Reintroduction #1: Persona:

In recent days, I have made an important and permanent decision regarding my viewing habits. My constant drive to expose myself to new films has shifted into a more balanced determination to revisit films I have only seen once or twice. I recall little from many of these films. Many I consider favorites and yet have seen a measly single time in my teenage years. I never denied the importance of getting to know a film beyond an introductory how-do-you-do get-together. But my priorities always lay with a greedy desire to taste things I hadn’t before. My tastes have changed quite a bit between my fourteenth and twenty-fourth year and films I did not like, liked but did not love or loved very much must be revisited. No; it goes backwards, past revisiting, past re-familiarizing. I speak of basic reintroductions. And while a lot of these films are essential canon works and have been deconstructed to their limits, every once in a while I would like to jot down some thoughts on a few of these re-watches (let’s officially call them ‘Reintroductions’ when it fits), as well as keep track for any readers which Reintroduction films, whether I write about them or not, I have been spending time with.

So far this year I have re-seen: Grand Illusion, The Rules of the Game, Ugetsu, Rashomon, The Night of the Hunter, Three on a Match, Alien, The Navigator and Persona.

Persona is a difficult film to write about. First, because its initial elusiveness has made it that much more a target for analysis. Second, because at its core it is an intuitive poetic experience that almost defies words. At a certain point, despite all discourse being entirely justified, it scrapes away at the film’s core profundity.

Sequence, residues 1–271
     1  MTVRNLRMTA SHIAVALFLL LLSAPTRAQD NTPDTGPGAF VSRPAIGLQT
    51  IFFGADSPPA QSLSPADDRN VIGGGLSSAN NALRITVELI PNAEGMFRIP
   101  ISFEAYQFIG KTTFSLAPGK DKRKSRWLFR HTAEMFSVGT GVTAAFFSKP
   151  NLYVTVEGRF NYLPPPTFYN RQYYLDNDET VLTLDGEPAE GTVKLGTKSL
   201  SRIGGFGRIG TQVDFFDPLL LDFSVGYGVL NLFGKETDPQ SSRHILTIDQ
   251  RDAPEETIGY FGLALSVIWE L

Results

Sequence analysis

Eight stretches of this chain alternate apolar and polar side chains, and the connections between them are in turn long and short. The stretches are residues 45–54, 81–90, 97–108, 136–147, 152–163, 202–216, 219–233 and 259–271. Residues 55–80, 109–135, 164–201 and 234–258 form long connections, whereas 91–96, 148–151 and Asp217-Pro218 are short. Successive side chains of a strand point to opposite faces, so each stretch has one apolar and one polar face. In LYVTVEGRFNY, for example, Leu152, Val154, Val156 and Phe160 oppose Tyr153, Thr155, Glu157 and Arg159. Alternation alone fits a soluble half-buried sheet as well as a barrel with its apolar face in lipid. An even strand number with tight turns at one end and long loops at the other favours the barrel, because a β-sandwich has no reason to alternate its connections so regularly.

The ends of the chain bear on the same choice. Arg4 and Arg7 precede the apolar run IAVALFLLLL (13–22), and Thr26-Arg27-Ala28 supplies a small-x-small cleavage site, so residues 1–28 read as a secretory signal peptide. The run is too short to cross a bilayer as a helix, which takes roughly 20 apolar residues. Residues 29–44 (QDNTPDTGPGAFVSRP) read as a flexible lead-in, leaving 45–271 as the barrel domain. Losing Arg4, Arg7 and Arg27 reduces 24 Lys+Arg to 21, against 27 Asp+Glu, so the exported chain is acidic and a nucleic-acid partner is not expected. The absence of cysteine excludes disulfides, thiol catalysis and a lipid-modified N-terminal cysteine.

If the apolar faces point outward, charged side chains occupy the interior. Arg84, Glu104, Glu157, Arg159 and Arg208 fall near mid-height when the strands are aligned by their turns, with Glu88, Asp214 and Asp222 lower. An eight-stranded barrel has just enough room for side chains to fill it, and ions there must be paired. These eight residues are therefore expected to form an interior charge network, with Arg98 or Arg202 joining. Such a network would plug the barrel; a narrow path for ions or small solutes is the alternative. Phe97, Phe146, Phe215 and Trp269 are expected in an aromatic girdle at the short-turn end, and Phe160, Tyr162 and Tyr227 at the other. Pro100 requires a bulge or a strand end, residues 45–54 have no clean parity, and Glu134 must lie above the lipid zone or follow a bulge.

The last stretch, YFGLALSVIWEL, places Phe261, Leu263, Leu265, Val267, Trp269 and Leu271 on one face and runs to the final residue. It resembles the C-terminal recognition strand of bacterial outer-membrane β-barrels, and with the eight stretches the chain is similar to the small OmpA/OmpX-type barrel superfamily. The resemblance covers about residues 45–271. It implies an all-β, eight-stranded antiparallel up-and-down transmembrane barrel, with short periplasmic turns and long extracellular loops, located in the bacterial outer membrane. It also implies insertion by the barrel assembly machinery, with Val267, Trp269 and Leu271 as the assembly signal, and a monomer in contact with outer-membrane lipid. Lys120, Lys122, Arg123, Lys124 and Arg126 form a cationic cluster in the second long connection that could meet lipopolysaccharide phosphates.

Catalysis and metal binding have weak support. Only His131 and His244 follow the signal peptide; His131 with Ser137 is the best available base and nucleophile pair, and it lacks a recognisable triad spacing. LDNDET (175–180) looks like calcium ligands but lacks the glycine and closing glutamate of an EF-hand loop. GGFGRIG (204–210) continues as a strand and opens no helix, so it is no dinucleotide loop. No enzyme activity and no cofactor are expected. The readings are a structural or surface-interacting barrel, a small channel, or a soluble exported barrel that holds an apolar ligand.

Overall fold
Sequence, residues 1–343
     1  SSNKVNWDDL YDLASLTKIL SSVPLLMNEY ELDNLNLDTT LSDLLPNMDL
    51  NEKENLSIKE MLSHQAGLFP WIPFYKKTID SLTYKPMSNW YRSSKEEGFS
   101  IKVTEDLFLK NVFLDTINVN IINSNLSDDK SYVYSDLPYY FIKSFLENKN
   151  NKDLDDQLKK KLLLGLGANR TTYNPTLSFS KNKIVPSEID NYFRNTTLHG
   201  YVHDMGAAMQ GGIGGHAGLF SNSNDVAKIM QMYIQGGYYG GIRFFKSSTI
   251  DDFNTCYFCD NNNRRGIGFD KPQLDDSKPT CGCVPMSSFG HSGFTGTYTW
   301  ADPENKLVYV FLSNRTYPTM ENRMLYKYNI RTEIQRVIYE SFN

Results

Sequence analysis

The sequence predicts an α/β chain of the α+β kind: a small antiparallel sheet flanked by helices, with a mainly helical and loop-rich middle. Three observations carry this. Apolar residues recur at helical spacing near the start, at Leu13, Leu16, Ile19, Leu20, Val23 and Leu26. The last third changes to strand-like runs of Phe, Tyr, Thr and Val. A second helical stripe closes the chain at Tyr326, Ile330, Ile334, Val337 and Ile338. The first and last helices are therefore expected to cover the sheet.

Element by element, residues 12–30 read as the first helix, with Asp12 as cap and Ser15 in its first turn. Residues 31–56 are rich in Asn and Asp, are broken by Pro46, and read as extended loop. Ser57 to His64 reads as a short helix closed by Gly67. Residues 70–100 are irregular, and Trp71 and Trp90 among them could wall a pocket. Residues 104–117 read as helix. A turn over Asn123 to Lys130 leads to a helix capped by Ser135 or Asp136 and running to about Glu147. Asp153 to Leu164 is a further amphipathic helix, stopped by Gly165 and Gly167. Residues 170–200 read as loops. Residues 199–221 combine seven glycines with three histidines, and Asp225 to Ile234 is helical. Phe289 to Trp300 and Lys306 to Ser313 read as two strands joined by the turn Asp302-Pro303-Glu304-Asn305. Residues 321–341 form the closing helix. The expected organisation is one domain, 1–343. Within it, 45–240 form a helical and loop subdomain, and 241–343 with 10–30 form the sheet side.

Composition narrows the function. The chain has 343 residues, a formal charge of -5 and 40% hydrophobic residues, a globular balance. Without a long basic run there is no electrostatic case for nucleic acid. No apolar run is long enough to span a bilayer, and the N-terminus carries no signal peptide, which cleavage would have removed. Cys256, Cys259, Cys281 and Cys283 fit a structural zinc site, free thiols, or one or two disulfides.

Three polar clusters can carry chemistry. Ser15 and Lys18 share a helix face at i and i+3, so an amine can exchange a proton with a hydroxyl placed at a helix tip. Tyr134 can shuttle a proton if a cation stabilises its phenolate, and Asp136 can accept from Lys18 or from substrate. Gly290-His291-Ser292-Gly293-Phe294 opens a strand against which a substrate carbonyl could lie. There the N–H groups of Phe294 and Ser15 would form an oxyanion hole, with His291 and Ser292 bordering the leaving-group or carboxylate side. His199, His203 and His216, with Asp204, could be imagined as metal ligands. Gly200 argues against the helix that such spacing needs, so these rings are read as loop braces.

The first thing I thought after the film was over was that, to a considerable degree, it makes all the praise I heap onto other films seem like overblown hyperbole by comparison. Persona is the rare film that can never wear out its welcome. Each viewing seems like it would be a slightly, and maybe even radically, different journey for the viewer. A rejuvenating quality amidst its construction makes room for viewers to inscribe individual meaning, to interpret freely and to bask in its black-and-white bliss.

Time, memory, and a sense of self slipped away from me in considerable chunks during Persona. This is not something that often, or ever, happens.

There may never be a more striking or memorable use of black-and-white. The great Sven Nykvist forms a union with the film’s other qualities. The minimalist sets and costumes, the beach that surrounds the seaside cottage, the postmodern narrative and formal techniques, and the dependence on Bibi Andersson and Liv Ullman’s faces. These all come together through Nykvist. Stark yet sensuous and uncomfortably honest, he creates a majestic palette where basic truths may be questioned.

What do we know of the two central characters? Alma is a nurse, looking towards marriage and kids with a ‘preordained’ acceptance. She is increasingly unable to reconcile her perceptions with her actions, which Elizabet points out in her letter. Elizabet’s presence is causing her to fall apart at the seams. Her identity and self-understanding cannot handle the scrutiny of Elizabet’s silence, judgment and questionable sincerity.

Elizabet is an actress who has chosen silence as her form of expression. She rejects the roles of wife, mother and actress, reducing the fact of her life to an invigorating simplicity. She did not want her child and is assumedly hyper-aware of the part she plays towards him. Where is the line between being an actress in work and in life? She spends her time studying Alma and she has trouble coping with catastrophe in the world.